You will find the players not only retrieve and return the ball, but put “Englishon it.  You will find they fire it so close to the wall, their opponent cannot get his cuesta (wicker racket-type glove) between ball and wall for return.

The Palm Beach Post newspaper of November 21, 1921 also carried the idiom in a somewhat modified form in an article entitled, “Preparing For Failure.” The story dealt with the surprise disarmament conference announced by President Harding, which led to a number of metropolitan newspapers stating that “the administration” was considering measures against “agitators” who were trying to force “real disarmament” to eliminate the chances of war. The article read in part:

Toward the end of the dispatch there lies the secret:

“The hope of the president for a continuation of the conferences like the present one became known at a moment when the arms delegates reached a stage in their deliberations strongly suggesting itself that further negotiations will be necessary to consummate the task begun here.”

That surely is putting the “reverse Englishon it.  It must not be forgotten for a moment that the men at this conference are all politicians, and that they want to keep their jobs more than anything else. The hopes of the peoples all over have been aroused by this disarmament (beg pardon) by this limitation or armaments conference.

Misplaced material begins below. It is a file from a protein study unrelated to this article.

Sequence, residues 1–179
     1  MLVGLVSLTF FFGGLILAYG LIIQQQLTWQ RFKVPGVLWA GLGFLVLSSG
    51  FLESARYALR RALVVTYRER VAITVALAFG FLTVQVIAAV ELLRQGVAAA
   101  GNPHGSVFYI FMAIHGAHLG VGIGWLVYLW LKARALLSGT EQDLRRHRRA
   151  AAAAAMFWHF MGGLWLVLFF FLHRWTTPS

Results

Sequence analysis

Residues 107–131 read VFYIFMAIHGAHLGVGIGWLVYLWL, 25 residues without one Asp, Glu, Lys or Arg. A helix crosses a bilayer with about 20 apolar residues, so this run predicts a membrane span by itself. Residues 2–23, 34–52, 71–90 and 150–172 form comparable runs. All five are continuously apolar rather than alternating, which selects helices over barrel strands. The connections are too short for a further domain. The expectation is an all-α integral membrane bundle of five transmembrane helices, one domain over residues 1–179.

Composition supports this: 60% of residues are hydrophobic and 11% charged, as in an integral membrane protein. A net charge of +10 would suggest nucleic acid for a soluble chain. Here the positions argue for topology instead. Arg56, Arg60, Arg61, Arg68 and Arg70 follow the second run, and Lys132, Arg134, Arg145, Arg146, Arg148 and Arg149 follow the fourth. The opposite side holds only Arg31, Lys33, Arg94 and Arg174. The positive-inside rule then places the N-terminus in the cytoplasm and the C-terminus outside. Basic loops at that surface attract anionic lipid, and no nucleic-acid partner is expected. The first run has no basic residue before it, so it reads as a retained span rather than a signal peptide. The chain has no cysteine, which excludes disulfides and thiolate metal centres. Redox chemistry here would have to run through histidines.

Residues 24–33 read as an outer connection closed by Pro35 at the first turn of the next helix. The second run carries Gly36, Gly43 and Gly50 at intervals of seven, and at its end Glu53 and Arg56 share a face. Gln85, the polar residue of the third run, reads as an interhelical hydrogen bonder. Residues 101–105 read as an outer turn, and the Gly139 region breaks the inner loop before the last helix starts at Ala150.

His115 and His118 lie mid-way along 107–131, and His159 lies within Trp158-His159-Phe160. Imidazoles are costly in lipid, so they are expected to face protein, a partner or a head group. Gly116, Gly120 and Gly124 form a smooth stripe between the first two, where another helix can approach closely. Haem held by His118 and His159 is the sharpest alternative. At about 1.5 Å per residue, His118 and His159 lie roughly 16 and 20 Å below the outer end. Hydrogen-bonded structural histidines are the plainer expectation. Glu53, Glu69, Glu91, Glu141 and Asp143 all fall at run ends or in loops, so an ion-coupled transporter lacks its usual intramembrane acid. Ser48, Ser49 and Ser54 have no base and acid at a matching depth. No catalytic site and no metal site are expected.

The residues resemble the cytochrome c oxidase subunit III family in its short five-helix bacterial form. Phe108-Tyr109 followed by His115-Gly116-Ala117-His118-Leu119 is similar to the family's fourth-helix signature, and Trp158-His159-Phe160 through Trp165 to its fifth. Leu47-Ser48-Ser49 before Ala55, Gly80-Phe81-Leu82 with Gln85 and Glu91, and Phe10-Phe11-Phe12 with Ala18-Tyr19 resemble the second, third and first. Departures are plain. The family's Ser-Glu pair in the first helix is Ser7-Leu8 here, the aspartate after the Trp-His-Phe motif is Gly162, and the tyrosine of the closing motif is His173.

In the New York Times article of February 1, 1879 the idiom appeared in altered form — with the meaning intact regardless of the use of the word reverse — in an article reporting on a billiards tournament. It was clear that the “English” in question was going to be “put on it” as the Brunswick and Balke Championship Tournament entered its second week of play. The stakes were high, and at one point, it was reported: